Let’s look at the outside of the camera. It comes equipped with a detachable viewfinder loupe and diopter, which I use on EVERY shoot we do. It adds both an extra stabilization point, but also lets you see your exposure and focus better on bright sunny days. The viewfinder attaches to a tiltable 3″ touchscreen, which I rarely find myself touching since like I said–I always have the loupe attached. It makes it more difficult to navigate through the menu though, but you can simply use the joy stick to navigate throughout the menu and change function settings while shooting. The screen isn’t the only thing that moves either, it has a tiltable grip that tilts up/down 90 degrees for shooting low/high angles, and I love shooting near-ground level (why else do you think Jared’s “guns” look do big?!).
Another feature that it borrows from its brothers include the three user-assigned custom buttons and jog wheel that can be pre-programmed to almost anything you want. I personally set the jog wheel to ISO and ride that throughout our shoots (it offers a very smooth ISO transition when quickly adjusting, unlike the 5D’s jarring shift) and set the camera to f/5.6, 1/48th shutter, and call it a day. I preset the customs buttons to push autofocus (C3), initiate ND filter (C1) and push-in magnification (C2) to double check focus. Having C3 on the top of the grip makes it easier to push focus when needed too, using just my right hand thumb.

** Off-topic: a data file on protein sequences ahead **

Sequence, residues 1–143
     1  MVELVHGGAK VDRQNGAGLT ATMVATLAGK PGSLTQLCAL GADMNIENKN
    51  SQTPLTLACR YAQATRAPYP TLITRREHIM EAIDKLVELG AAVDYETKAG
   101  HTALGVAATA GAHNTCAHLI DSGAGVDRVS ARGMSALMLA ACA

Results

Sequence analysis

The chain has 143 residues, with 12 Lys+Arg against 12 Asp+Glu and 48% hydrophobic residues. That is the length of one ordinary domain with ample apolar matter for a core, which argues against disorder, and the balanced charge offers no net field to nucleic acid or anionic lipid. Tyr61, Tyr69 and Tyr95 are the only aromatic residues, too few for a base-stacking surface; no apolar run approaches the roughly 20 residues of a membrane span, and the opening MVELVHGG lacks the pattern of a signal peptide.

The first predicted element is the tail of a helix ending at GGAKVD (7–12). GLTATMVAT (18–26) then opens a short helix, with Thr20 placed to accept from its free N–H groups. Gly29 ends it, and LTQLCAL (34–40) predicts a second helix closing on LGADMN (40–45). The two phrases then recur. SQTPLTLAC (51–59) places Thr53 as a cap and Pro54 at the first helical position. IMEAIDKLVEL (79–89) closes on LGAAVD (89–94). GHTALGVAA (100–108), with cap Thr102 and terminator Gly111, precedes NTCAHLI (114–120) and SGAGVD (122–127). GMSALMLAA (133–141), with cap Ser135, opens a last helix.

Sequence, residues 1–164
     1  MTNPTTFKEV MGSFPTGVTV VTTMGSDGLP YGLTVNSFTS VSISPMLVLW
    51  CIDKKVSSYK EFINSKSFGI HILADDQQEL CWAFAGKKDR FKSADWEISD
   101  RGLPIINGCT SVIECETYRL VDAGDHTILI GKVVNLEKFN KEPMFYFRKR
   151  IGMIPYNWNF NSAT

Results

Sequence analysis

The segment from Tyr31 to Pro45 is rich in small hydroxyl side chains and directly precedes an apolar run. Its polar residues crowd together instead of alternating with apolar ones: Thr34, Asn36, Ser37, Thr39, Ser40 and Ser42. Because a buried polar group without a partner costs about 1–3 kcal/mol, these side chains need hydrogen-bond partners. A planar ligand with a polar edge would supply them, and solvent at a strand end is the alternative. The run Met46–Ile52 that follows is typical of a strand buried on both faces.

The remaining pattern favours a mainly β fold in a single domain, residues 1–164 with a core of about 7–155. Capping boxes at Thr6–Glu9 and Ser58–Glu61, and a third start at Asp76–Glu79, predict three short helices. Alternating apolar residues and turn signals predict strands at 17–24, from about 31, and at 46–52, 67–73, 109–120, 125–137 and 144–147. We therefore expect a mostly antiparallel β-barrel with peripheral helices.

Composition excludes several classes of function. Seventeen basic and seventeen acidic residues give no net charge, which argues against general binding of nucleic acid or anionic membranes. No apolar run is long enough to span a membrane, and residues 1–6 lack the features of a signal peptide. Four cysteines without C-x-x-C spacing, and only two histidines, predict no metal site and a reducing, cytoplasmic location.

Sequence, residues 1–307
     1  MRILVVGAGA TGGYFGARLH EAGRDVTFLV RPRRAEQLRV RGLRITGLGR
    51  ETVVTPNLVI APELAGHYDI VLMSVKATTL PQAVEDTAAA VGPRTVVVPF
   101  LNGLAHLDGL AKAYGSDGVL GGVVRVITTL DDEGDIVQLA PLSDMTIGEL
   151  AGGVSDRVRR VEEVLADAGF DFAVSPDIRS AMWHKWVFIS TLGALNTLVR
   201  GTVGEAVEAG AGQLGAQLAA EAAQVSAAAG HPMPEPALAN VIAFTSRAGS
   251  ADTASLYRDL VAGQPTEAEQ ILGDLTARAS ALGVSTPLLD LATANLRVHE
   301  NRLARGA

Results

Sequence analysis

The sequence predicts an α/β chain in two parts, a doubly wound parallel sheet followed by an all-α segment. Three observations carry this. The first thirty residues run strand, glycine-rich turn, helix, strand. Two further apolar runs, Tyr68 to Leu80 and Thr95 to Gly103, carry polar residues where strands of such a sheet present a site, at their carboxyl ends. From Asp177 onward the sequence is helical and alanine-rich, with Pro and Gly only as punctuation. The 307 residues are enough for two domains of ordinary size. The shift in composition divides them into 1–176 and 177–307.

Another feature that is convenient for current Canon shooters (like myself) is the fact that it uses the same battery as the EOS DSLRs–the LP-E6. Lucky for me, I have about 15 of those suckers lying around from my 5D Mark III. The shell of the camera also sports a hotshoe for mounting accessories like LEDs or mics, which we do every time we shoot.